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Approved Accounting System for Government Contracts: How to tell if a cost is direct or indirect…Does it matter?

Can you look at your company’s costs and tell which costs are direct or indirect? If you can’t, understanding the difference between direct and indirect costs is a critical first step in your plan to get a compliant and approved cost accounting system for Government Contracting.

As I mentioned in my previous blog post “What you should know about having an ‘approved’ accounting system for government contracting”,  a compliant government cost accounting system must:

  • Track all costs for any individual government contract
  • Accumulate actual direct costs by labor category and job/task
  • Accumulate actual indirect costs and …

We need to track all the costs for each individual government contract. To do this, I use a General Ledger and a Subsidiary Job Cost Ledger that I manually link to the General Ledger. I record all our company’s costs in the General Ledger and track all the costs for each individual contract in the Subsidiary Job Cost Ledger.

Since we track all costs both direct and indirect, why do I care whether a cost is direct or indirect? It’s because direct and indirect costs are tracked and applied to contracts differently.

We must accumulate actual direct costs by labor category and job/task. In order to track the actual direct costs, we must know how to identify a direct cost and be able to differentiate the direct costs from the indirect costs.

Let’s start by looking at the definition of a direct cost in Federal Acquisition Regulation (FAR) 2.101. You can also check FAR 31.202 that supplements this broad definition with more details.

A direct cost is “any cost that can be identified specifically with a particular final cost objective” (i.e., cost incurred for a specific contract).

Examples of direct costs are:

  • Direct labor is a direct cost. This is labor cost that is identified to a single cost objective (such as contract). It must be identified to a labor category and applied at the job/task level.
  • Direct material is also an example of a direct cost that is not a labor cost. It is a direct cost which must be identified at the job/task level.

We must also accumulate actual indirect costs and …. To do this I use specific Accounts in the General Ledger where I accumulate the actual indirect costs. I also use the Subsidiary Job Cost Ledger to record the indirect labor. But, we must be able to identify indirect costs.

So now let’s look at the definition of an indirect cost in FAR 2.101.

An indirect cost is defined as “any cost not directly identified with a single, final cost objective, but identified with two or more final cost objectives or an intermediate cost objective. It is not subject to treatment as a direct cost.”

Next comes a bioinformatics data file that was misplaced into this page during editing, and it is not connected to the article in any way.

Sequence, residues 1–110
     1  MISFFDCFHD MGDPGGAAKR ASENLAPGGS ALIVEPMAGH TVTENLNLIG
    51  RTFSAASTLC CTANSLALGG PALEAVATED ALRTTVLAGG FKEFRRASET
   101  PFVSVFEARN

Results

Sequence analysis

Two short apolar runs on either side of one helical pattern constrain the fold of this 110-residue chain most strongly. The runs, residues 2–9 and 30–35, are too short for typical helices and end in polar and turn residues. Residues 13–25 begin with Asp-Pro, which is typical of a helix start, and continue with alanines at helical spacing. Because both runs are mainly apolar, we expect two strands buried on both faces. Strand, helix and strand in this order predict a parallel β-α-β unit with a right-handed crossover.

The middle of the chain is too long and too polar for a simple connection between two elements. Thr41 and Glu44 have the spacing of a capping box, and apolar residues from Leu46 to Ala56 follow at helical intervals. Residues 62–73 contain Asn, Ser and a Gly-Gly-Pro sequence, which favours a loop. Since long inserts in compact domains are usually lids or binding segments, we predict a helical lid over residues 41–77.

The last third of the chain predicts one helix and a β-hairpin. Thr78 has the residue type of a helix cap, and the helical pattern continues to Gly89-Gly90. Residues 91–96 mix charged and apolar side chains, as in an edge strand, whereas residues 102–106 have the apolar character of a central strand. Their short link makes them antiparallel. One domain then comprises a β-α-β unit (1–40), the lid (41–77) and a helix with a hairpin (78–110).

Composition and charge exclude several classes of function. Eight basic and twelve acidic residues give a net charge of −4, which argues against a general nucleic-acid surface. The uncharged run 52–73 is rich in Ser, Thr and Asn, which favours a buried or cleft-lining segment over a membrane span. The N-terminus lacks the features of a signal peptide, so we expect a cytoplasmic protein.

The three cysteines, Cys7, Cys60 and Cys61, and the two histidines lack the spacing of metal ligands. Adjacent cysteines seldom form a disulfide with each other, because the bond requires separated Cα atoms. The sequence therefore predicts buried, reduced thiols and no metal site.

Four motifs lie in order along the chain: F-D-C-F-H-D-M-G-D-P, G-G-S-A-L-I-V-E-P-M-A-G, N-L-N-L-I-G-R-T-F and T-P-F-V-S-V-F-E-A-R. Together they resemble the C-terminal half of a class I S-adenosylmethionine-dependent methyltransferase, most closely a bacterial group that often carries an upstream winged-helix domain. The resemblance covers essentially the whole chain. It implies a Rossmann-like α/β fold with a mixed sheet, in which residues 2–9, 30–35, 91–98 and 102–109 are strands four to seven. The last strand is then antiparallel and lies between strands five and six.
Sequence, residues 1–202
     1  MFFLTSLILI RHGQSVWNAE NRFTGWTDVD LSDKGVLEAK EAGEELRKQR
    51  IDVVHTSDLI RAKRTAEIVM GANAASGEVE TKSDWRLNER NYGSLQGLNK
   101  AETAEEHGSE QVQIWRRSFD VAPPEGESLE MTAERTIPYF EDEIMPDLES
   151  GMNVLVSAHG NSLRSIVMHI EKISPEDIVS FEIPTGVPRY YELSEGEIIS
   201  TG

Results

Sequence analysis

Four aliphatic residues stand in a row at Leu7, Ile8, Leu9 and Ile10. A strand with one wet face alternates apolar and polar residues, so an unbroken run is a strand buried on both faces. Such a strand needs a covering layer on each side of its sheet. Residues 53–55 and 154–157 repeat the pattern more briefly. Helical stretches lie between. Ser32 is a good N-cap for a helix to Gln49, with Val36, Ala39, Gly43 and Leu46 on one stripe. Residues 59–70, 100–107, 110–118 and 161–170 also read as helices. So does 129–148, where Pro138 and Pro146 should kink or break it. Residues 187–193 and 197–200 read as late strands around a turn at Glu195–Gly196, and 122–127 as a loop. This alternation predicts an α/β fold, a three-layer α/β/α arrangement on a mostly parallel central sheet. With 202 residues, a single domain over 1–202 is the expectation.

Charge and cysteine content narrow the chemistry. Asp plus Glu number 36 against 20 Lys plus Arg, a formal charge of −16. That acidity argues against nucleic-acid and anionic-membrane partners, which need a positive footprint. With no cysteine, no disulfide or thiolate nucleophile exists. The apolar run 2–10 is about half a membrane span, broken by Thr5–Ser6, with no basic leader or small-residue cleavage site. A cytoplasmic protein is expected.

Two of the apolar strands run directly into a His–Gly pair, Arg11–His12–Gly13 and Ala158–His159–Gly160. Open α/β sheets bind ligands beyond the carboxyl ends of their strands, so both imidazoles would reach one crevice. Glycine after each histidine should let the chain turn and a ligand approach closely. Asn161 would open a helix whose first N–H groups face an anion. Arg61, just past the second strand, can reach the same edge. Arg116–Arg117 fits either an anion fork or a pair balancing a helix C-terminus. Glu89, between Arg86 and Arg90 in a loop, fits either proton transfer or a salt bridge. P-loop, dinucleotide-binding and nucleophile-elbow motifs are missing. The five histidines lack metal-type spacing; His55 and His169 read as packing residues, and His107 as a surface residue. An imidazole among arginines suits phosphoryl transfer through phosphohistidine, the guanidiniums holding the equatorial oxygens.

Indirect costs shall be accumulated by logical cost groupings.

  • Further, an indirect cost shall not be allocated to a final cost objective if other costs incurred for the same purpose in like circumstances have been included as a direct cost of that or any other final cost objective.
  • Because of their nature, indirect costs cannot be charged to final cost objectives on an individual basis. Therefore, indirect costs must be classified and grouped together into indirect cost pools, typically either an overhead cost pool or the general and administrative expense (G&A) cost pool.
  • Examples of some logical cost groupings are fringe benefits costs, manufacturing overhead costs, engineering overhead costs, general and administrative costs.

The next requirement regarding Indirect costs is that the accumulated indirect costs that are in a logical cost grouping shall be allocated to several cost objectives using an allocation base.

Remember that more detailed information can be found in the Federal Acquisition Regulations. See below where to find it.

Federal Acquisition Regulations can be found at www.ecfr.gov. Title 48 includes regulations for many government agencies. Title 48, Part 31 discusses Contract principles and Procedures. Subpart 31.2 discusses Contracts with commercial organizations and includes explanations of composition of total costs, direct costs, indirect costs and application of principles and procedures to name a few of the topics.

What do you think? Are you ready for government contracting? Check back for more discussions about the elements of a compliant cost accounting system.

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